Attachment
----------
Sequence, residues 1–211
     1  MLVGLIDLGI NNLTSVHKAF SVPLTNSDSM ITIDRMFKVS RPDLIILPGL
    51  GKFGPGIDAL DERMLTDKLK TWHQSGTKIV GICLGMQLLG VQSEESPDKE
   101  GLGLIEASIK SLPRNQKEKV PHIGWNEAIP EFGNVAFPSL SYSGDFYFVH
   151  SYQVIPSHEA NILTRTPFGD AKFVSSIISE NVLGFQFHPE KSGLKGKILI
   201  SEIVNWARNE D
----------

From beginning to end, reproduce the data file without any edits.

Sequence, residues 1–211
     1  MLVGLIDLGI NNLTSVHKAF SVPLTNSDSM ITIDRMFKVS RPDLIILPGL
    51  GKFGPGIDAL DERMLTDKLK TWHQSGTKIV GICLGMQLLG VQSEESPDKE
   101  GLGLIEASIK SLPRNQKEKV PHIGWNEAIP EFGNVAFPSL SYSGDFYFVH
   151  SYQVIPSHEA NILTRTPFGD AKFVSSIISE NVLGFQFHPE KSGLKGKILI
   201  SEIVNWARNE D